This week has had me thinking about technology in terms of conceptualization – both technologies that are intended to make you conceptualize information in a different way and reconceptualizing existing technologies for use in new ways.

For the past two days I have attended the Statewide IT Conference here in Bloomington.  Admittedly, as I am not an IT specialist by any means, much of the conference material was over my head; however, there were several programs that dealt with the use of technology in the classroom, and it is my reflections on these programs that inspired my post for the week.  For at least the third time this year, I attended a program that discussed Prezi.  For most, Prezi is fairly well-known at this point as a presentation software akin to PowerPoint, yet entirely different at the same time.  I had to agree with the presenter today – I have seen both good and horrible Prezi presentations!  The thing that sets it apart from PowerPoint is – my buzzword for this post – conceptualization!  PowerPoint is inherently linear – you present your information slide by slide.  Prezi is more of a “mind map,” meaning that the information you are presenting is all linked around a central concept; certainly, you will present this information in a particular order, but in theory you could present the same information in a different order, because it is all interrelated.  I’ve been a little leery to use Prezi in the past because so many people I know find it sea-sickening (I think I’ve coined a new term there!), however, there is much in legal research that could be taught, perhaps best even, through a mind map conceptualization, because so much in research is interrelated; thus I intend to start experimenting more with Prezi to see how my presentations might be transformed for the better.

In addition I continue to find new uses for existing technologies that I believe could put a new face on typical library activities and raise our profile among our patron base; this goes beyond the Facebook and Twitter accounts I began earlier this year.  I hate to be so vague about this, but as I haven’t put these into action yet, I think I should hold off on detailed ideas.  Suffice it to say that I have been looking at existing social media and other popular applications lately in new ways that I think could change or supplement the manner in which we present library services and collections in the future.

To be continued…

Posted in Outreach, Social Media, Teachable Moments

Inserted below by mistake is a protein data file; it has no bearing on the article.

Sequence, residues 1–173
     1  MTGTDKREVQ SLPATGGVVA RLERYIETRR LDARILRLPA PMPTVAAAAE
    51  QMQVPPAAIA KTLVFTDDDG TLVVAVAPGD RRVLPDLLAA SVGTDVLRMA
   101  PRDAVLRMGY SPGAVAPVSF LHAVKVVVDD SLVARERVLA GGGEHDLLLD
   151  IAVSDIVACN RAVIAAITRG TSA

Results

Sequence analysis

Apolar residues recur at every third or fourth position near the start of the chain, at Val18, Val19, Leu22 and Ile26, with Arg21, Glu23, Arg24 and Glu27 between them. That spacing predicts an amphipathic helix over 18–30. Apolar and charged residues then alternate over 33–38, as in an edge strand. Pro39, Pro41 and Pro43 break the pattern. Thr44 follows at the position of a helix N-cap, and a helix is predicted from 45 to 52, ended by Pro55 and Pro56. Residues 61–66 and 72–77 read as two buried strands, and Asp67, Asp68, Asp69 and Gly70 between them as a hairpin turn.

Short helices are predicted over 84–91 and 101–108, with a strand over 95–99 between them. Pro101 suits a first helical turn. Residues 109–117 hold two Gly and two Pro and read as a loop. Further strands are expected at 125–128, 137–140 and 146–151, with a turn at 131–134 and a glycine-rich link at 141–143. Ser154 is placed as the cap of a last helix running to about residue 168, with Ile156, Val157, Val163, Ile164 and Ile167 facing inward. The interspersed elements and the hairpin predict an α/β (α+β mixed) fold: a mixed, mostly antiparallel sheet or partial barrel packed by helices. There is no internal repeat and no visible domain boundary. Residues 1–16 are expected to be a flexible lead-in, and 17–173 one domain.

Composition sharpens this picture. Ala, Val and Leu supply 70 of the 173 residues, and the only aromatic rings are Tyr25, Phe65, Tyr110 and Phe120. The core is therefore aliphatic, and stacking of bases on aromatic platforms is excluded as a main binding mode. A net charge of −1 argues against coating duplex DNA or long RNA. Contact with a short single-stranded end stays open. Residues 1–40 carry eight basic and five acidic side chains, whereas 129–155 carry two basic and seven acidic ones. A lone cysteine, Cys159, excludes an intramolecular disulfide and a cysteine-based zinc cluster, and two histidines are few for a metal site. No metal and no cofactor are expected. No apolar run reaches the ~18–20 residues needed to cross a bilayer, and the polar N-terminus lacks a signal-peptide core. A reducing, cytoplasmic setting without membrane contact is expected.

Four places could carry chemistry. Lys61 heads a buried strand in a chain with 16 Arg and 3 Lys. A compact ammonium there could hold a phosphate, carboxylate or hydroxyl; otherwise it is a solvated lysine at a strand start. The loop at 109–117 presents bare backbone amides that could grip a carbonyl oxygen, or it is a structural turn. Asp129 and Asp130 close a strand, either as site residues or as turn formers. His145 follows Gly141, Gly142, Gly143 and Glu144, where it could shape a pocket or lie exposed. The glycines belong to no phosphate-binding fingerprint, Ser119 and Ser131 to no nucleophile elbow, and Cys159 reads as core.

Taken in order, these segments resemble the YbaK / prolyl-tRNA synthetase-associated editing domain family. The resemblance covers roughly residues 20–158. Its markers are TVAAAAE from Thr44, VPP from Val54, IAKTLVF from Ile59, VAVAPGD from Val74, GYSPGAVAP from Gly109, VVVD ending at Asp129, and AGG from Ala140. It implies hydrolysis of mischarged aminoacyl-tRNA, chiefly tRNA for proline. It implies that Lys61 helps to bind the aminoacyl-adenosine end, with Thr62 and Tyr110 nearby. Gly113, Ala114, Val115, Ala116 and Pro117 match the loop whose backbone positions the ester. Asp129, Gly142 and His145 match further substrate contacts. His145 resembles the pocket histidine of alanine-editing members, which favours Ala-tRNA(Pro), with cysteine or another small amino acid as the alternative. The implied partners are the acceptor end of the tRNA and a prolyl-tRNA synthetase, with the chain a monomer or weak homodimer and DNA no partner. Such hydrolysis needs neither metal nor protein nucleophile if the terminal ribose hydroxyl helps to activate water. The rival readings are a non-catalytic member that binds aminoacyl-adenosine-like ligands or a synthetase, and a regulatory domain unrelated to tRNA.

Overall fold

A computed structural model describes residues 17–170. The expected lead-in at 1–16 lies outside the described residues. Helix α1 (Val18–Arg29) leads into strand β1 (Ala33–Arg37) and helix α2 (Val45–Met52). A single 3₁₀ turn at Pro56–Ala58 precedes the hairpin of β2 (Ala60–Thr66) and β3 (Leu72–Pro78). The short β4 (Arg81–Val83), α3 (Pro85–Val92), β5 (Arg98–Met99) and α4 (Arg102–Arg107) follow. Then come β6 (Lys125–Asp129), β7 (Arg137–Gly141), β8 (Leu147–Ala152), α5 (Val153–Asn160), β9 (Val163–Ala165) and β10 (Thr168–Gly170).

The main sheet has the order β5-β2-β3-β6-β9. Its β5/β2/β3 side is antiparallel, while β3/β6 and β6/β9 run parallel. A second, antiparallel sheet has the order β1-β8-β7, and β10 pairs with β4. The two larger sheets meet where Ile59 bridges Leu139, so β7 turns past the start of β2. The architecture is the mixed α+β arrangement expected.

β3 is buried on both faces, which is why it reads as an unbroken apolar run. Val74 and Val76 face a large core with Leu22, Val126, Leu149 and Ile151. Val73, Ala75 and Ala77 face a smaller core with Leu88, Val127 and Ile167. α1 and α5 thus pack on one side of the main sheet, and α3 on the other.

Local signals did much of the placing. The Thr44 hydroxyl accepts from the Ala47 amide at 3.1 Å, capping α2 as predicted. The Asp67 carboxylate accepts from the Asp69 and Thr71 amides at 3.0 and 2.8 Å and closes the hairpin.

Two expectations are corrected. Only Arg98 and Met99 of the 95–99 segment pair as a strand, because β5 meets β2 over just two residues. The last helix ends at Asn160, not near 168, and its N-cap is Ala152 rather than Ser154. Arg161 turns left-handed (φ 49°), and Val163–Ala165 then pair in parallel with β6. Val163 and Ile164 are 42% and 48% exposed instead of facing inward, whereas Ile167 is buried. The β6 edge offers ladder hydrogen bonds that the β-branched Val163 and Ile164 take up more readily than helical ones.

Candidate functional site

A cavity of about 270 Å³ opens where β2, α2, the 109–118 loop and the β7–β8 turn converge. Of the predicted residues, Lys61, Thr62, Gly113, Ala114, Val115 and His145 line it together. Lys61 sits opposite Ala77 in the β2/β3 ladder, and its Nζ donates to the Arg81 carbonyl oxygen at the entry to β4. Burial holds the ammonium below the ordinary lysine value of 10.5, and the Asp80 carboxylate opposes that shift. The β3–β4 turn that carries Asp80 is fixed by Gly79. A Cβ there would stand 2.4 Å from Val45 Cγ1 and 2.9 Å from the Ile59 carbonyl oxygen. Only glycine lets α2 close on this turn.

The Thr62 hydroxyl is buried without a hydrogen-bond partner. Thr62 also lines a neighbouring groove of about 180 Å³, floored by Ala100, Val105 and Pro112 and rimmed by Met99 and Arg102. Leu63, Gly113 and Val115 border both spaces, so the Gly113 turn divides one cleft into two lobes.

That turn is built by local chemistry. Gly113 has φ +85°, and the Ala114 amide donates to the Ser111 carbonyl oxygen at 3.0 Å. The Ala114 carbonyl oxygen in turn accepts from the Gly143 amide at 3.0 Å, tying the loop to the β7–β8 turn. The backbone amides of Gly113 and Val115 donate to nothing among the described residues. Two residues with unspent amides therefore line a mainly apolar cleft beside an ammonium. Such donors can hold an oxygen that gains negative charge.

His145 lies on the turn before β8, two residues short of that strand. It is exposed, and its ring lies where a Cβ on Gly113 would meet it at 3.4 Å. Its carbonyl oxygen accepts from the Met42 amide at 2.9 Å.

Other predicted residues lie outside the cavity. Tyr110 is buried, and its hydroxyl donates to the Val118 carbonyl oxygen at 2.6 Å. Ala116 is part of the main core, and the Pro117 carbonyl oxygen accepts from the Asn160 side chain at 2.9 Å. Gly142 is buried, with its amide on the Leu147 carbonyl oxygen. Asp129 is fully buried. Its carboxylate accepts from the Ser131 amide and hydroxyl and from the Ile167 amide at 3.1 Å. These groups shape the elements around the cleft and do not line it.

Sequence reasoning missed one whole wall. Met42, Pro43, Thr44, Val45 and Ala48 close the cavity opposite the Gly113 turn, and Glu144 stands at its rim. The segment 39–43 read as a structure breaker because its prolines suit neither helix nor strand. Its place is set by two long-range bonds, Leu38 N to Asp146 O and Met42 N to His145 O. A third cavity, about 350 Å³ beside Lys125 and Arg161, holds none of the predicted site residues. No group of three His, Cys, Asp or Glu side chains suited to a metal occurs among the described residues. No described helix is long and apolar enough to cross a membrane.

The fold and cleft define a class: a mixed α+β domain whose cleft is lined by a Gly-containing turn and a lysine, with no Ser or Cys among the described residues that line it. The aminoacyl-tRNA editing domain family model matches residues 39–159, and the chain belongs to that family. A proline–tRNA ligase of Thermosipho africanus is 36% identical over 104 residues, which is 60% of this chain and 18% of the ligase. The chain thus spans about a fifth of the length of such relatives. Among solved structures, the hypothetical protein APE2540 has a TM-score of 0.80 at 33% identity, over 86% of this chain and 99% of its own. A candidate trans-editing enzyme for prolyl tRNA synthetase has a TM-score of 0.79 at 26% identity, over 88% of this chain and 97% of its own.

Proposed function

Catching Up

It’s been a while – the last few weeks have really flown by!  We’ve been knee-deep in the interview process for another librarian to replace our outgoing Electronic Resources librarian.  Being just two months old myself, it has been interesting to see the interview process from the other side and imagine what these candidates would be like to work with.

In terms of my job here, I have been so busy with tech projects I have had little time to do personal research of my own (not that I’m complaining – it feels good to feel needed!).  In what was perhaps a stroke of genius, a colleague suggested a little competition to garner more “likes” for our Facebook page.  Thus, lately we have been advertising that, as soon as our page gets 100 likes, we will randomly select one law student who has liked us to receive a $25 Starbucks gift card.  The irony of this, of course, is that our advertising avenues are our Twitter and Facebook accounts, our blog, and our digital sign – if the students aren’t looking at these, they still do not know about the competition!  Nevertheless the likes have started coming more quickly, and I think we’ll soon make our goal.

We are now exploring other social media to see how we can promote ourselves in even more and different ways.  To be continued…

With students back, we are elbow-deep in sourcing projects for journals and orienting 1Ls and international students to the trappings of the library.  I’ll admit that I quite enjoy the craziness and fast-paced world the beginning of the semester always heralds.  It was great getting to start my job in the summer, in the quiet, but with the semester in full swing I feel like my law librarian journey has truly begun.